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How does estrogen dose affect protection against pregnancy?

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Michelle asks:

Does the amount of estrogen in birth control pills (ex. low, high or moderate levels) have any effect on protection against pregnancy? For example, is it better to take a birth control pill with a higher level of estrogen than one of the newer "low dose" ones? Will the protection be the same?

Susie replies:

The dosing mostly matters depending on your body composition. Estrogen is a fat-soluble hormone. Therefore if you have a significant amount and proportion of body fat, some of that estrogen will dissolve into the fatty tissue and not make it to its receptor sites in your sex organs. If you have more fatty tissue, you will need more estrogen to prevent ovulation (that's estrogen's role in birth control pills).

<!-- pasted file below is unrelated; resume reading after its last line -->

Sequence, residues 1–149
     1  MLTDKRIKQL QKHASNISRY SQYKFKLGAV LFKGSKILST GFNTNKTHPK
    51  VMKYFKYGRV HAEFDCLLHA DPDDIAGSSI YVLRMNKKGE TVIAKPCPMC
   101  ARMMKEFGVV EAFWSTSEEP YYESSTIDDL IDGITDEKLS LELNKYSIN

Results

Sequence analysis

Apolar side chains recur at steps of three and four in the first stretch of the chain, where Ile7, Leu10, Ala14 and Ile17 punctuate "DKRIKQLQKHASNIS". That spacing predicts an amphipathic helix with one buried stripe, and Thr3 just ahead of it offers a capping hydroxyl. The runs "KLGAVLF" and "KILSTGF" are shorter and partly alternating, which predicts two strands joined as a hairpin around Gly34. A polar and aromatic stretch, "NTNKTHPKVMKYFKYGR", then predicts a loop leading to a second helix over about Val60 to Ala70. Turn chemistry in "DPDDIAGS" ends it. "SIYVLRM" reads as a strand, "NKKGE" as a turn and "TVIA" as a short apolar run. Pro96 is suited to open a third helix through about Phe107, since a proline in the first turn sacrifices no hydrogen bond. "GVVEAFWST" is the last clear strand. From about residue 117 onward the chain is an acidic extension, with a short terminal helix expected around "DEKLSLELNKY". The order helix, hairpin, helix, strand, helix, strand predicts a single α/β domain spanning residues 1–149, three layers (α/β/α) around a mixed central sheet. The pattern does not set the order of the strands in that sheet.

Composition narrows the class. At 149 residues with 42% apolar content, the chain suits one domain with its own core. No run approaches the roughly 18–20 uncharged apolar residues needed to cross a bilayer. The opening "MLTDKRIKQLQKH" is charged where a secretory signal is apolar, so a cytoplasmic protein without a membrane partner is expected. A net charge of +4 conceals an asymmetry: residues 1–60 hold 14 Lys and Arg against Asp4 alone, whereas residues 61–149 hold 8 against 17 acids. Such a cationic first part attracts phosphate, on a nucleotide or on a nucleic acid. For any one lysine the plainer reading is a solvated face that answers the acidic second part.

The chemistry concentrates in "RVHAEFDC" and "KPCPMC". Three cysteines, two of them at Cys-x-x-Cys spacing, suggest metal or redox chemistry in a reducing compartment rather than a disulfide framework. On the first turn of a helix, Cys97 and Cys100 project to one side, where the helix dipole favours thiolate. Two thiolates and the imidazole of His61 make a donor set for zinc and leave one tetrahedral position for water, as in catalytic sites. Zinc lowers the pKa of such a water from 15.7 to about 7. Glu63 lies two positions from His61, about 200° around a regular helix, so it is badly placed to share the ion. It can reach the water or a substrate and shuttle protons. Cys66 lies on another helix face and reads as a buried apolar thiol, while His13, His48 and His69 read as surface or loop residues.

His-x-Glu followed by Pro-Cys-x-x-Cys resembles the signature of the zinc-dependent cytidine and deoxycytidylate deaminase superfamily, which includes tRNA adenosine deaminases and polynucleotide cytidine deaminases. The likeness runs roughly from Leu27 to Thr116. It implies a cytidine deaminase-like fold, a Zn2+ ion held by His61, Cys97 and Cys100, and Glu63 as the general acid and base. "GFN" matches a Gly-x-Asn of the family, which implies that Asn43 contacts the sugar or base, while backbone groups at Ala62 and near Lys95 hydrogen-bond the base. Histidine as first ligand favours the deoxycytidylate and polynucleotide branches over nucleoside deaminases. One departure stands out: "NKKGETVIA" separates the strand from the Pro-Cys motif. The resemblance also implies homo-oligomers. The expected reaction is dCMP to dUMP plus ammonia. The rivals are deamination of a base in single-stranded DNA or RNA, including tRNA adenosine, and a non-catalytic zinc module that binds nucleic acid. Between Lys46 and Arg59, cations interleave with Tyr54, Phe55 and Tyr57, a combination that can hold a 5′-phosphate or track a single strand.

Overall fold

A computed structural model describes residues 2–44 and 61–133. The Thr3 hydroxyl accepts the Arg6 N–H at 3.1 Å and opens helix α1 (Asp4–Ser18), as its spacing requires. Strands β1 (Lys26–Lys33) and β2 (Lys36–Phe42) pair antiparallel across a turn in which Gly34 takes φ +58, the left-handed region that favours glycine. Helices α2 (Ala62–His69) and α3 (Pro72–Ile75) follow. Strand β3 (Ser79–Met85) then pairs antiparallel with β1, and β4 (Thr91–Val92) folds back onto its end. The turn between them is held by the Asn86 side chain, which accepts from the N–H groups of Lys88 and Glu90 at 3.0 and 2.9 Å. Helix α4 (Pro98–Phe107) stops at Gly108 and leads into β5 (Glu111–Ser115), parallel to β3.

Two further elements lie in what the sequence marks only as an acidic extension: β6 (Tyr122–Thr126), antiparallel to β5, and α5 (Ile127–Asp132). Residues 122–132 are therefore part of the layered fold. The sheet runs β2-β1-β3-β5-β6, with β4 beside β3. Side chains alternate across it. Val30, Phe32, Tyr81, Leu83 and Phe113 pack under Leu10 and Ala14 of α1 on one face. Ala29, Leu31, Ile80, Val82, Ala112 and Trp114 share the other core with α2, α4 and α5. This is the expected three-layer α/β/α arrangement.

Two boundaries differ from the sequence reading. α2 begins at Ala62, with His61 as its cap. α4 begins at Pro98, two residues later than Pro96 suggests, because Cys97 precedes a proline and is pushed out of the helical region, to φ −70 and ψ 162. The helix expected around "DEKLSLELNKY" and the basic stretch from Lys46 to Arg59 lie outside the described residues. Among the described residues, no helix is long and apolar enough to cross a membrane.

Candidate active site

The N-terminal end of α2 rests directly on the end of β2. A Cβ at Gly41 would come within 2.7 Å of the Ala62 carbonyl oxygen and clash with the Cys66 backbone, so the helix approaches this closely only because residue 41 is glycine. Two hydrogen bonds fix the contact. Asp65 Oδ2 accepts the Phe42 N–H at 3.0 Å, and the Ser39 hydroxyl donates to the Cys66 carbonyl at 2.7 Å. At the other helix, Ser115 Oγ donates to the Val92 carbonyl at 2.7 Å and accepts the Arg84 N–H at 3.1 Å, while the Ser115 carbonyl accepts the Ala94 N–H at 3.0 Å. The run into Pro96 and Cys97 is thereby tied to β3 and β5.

This is why it's important to see a clinician and get an examination before obtaining a prescription for birth control. Your doctor will need your vital stats to figure out which pills will work best.

For most women even if they're a little overweight, they should still be able to take lower-dose pills. If you are moderately overweight, significantly overweight or obese, your doctor should prescribe you something stronger to ensure full effectiveness.

written 23 Jan 2008 . updated 28 Jan 2009

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